The arrests of Cambodia's two top human rights activists has raised fears the nation is headed toward dictatorship again.

Kem Sokha and Yeng Virak are awaiting trial on criminal defamation charges related to a banner criticizing Hun Sen, the country's prime minister and strongman. They join a growing number of government opponents behind bars.

"Cambodia right now is at a crossroads. It must decide whether it's going to be a real democracy or whether it's going to move inexorably toward a one-party state," said U.S. Ambassador Joseph Mussomeli after watching Kem Sokha's arrest Saturday at the Cambodian Center for Human Rights office.

After the murderous Khmer Rouge years, and the 1980s under a communist regime installed by neighboring Vietnam, a 1993 election offered the hope for democracy taking root.

However, in 2003 the government banned all public demonstrations on the pretext of keeping order following street protests against Thailand, and now it is restoring to suing opponents for critical comments about the sensitive issue of border demarcation with Vietnam.

The lawsuits have landed a radio journalist and a union activist in jail, and a nephew of retired King Norodom Sihanouk has had to flee Cambodia.

But perhaps most serious have been government blows against the already emasculated political opposition to Hun Sen, a onetime Khmer Rouge commander.

Last month, a court sentenced self-exiled opposition leader Sam Rainsy to 18 months in prison for accusing Hun Sen of being behind a 1997 grenade attack on peaceful demonstrators in Phnom Penh and alleging that National Assembly President Prince Norodom Ranariddh took bribes from Hun Sen in exchange for joining the government in 2004.

"When you have intimidated the opposition so much and you have arrested most of their leaders, and others have had to flee into exile, there is not much left to the opposition, and that means there's not much left to a real democracy," Ambassador Mussomeli said, echoing similar recent statements by the United Nations and human rights organizations.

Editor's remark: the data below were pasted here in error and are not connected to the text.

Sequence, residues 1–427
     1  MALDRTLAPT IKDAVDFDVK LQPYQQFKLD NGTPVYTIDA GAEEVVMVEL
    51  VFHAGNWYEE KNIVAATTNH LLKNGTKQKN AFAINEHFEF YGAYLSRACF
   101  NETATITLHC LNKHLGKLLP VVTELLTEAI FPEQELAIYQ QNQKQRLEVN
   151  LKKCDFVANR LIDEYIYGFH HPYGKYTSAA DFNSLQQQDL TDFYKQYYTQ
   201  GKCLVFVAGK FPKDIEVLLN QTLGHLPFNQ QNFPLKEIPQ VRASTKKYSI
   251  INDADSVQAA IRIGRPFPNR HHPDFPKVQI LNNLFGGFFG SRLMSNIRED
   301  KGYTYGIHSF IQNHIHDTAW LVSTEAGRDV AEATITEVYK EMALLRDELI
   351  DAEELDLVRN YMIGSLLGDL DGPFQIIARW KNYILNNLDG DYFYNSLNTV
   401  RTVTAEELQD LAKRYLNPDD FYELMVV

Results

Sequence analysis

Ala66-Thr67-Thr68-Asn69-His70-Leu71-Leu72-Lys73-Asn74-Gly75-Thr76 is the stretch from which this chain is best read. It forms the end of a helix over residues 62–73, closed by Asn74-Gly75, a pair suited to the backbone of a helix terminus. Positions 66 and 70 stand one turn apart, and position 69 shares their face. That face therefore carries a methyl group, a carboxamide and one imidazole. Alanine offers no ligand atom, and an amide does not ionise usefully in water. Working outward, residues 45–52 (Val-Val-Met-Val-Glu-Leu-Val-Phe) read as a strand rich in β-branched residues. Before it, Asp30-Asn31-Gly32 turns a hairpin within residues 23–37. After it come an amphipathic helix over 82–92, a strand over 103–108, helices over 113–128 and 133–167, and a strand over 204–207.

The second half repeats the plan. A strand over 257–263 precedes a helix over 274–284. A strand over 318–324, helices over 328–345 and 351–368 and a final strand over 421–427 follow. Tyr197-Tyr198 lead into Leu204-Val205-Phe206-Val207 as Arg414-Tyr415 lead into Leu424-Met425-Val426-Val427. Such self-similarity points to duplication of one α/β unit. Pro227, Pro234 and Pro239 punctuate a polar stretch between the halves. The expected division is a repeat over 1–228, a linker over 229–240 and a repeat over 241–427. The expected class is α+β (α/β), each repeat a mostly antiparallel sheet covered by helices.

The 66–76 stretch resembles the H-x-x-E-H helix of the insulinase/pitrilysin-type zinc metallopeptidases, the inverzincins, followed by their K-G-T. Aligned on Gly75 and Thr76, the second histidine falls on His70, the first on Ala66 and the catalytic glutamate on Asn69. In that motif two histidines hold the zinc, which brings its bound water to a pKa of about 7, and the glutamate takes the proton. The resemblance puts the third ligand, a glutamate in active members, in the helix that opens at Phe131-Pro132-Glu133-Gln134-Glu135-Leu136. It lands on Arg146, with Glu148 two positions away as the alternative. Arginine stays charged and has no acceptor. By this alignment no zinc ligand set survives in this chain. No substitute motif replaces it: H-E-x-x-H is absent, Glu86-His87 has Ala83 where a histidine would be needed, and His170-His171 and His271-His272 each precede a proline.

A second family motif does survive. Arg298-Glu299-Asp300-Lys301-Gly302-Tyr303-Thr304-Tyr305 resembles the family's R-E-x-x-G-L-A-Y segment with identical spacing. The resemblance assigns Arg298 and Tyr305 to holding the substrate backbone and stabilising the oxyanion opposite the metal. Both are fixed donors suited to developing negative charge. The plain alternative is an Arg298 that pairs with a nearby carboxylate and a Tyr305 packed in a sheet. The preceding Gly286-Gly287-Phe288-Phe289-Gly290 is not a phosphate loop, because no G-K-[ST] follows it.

Hun Sen, whose Cambodian People's Party won the 2003 general election, says Sam Rainsy preaches the rule of law yet refuses to abide by legal decisions.

"He has accused me of being a killer. Now if he has the guts, he should come back to serve his prison sentence as convicted," Hun Sen said recently.

Hang Puthea, director of the Cambodian election watchdog Nicfec, said Sam Rainsy may have erred in failing to provide solid proof of his claims against the regime.

"But his whole case has been overwhelmingly dictated by politics rather than justice," he said, referring to a judicial system that is known for being corrupt and susceptible to political influence.

Som Chandyna, Sam Rainsy's lawyer, said his client also risks being barred from running in the 2008 election. He cited the case of opposition member Cheam Channy, who is serving a seven-year jail term.

Cheam Channy, who headed an opposition party committee to gather information about defense and security matters, was accused of trying to recruit an armed group to oppose the government. The international community has strongly criticized the charges against him.

The chilling effect of the lawsuits is evident in the guarded responses of Kek Galabru, president of the Cambodian human rights group Licadho, during an interview.

"We are still far away from a democracy," he said. "I have to be careful because anything now can be picked up and used as defamation."